Integral Logistics Management — Operations Management and Supply Chain Management Within and Across Companies

1.3.4 Target Area Flexibility: Investments in Enabling Organizations, Processes, and Basic Technologies

Intended learning outcomes: Present flexibility, agility and different aspects thereof. Differentiate between short, medium and long term potentials developed by agile companies. Describe various enabling information technologies allowing worldwide running order coordination.


Flexibility is the capability to adapt to new, different, or changing requirements [MeWe18].

This general term is variously defined and used in the literature on logistics, operations, and supply chain management. In any case, however, it refers to making appropriate investments to proactively build up certain potentials for better fulfillment of objectives in the target areas of quality, costs, and delivery in future and thus to achieve future benefits. Figure 1.3.1.1 shows three specific kinds of flexibility that have proved to be important in this target area.

[APIC16] distinguishes six categories of flexibility: mix flexibility, design changeover flexibility, modification flexibility, volume flexibility, rerouting flexibility, and material flexibility. [Gots06] provides a comprehensive list of kinds of flexibility. [WiMa07] introduces changeability as a general con­cept; other concepts, including transformability and flexibility concepts, fall under the general concept as specializations. In Figure 1.3.4.1 specializations of changeability are assigned to the various levels of the product and productions systems within a factory and its surrounding field.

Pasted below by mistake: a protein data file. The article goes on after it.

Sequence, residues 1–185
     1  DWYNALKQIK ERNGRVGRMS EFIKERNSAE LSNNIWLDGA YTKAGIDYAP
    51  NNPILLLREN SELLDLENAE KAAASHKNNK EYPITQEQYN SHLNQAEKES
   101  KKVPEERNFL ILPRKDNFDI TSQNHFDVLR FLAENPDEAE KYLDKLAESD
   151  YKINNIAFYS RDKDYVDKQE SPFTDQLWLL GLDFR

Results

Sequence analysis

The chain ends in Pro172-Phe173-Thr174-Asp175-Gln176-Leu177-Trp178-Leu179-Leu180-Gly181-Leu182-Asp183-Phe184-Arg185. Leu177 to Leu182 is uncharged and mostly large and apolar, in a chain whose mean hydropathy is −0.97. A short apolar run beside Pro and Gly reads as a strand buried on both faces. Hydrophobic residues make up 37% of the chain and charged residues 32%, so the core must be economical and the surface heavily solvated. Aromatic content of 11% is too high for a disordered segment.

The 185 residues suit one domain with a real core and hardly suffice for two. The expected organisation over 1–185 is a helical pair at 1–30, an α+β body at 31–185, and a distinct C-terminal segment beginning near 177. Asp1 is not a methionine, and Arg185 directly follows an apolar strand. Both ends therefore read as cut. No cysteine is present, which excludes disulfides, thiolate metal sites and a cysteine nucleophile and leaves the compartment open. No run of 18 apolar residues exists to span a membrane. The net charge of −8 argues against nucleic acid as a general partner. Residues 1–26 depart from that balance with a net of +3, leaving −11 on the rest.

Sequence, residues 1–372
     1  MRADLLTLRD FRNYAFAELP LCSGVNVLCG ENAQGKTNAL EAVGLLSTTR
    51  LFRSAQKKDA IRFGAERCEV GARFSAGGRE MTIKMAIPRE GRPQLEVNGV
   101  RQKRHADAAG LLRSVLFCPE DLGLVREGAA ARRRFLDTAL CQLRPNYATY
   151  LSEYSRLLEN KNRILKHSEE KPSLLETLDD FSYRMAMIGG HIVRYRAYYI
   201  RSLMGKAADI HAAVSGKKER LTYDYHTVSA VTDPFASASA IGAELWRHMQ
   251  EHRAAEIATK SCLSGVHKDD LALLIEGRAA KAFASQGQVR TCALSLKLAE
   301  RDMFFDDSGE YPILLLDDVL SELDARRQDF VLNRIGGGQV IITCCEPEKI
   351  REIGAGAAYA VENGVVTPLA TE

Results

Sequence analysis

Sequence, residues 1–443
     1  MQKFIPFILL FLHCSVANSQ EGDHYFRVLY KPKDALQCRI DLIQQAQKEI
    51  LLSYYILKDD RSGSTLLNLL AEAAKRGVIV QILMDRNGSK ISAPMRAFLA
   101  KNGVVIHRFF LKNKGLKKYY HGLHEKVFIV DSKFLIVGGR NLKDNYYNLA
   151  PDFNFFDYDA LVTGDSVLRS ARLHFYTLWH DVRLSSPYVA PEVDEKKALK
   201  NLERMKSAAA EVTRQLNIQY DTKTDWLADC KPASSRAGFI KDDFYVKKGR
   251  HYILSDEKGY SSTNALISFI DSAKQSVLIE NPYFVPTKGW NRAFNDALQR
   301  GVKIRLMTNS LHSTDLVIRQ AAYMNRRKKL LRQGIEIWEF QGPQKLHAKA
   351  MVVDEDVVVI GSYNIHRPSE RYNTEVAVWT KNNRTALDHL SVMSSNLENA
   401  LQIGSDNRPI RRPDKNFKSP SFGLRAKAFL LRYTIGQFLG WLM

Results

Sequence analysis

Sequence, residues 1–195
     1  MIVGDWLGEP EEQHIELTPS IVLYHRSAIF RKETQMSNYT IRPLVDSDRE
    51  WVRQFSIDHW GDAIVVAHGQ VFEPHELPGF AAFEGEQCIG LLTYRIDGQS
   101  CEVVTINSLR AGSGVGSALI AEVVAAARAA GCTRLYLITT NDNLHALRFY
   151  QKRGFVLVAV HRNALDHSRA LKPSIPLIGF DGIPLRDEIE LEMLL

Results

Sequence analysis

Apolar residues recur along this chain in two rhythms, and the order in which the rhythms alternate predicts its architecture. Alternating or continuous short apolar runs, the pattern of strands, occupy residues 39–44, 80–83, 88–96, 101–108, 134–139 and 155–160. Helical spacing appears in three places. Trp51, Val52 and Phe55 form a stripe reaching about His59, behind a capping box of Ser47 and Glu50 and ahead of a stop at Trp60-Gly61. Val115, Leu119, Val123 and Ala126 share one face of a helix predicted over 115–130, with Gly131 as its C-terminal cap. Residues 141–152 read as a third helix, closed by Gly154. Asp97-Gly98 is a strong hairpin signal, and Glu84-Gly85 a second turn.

Fig. 1.3.4.1        Classes of changeability within a factory and in its surrounding field (according to [WiMa07]).

Aspects of flexibility that describe the company, network, or supply chain as a whole are adjectives like lean, agile, adaptable, changeable, resilient (see [Shef07]). The examples that are given for these terms are all quite similar and are now discussed using the term agility.

Agility is defined in [MeWe18] as ability to move; dexterity. Agile manufacturing refers to the building up of poten­tials or scope (or “play”) in the right place at the right time and in the right amount. Agile companies are companies that apply the principles of agile manufacturing to all areas in their organizations.

Increasingly, the buyer’s market demands personalized production even of consumer goods. The product is ever more frequently defined in direct inter­action with the customer. At the same time, clearly identifiable market segments dis­appear. Brand names serve increasingly to reflect the personality of the customer instead of providing a function as they used to do.

Agile competitors [PrGo97] understand how to remain competitive by means of proactive amassing of information, knowledge, know-how, and competency. 

Agile companies develop potentials and play or slack in the supply chain that the end customer might not pay at the moment. In the long term, though, these potentials allow opportunities to be seized or supply chain risks (see Section 2.4) to be reduced. Examples: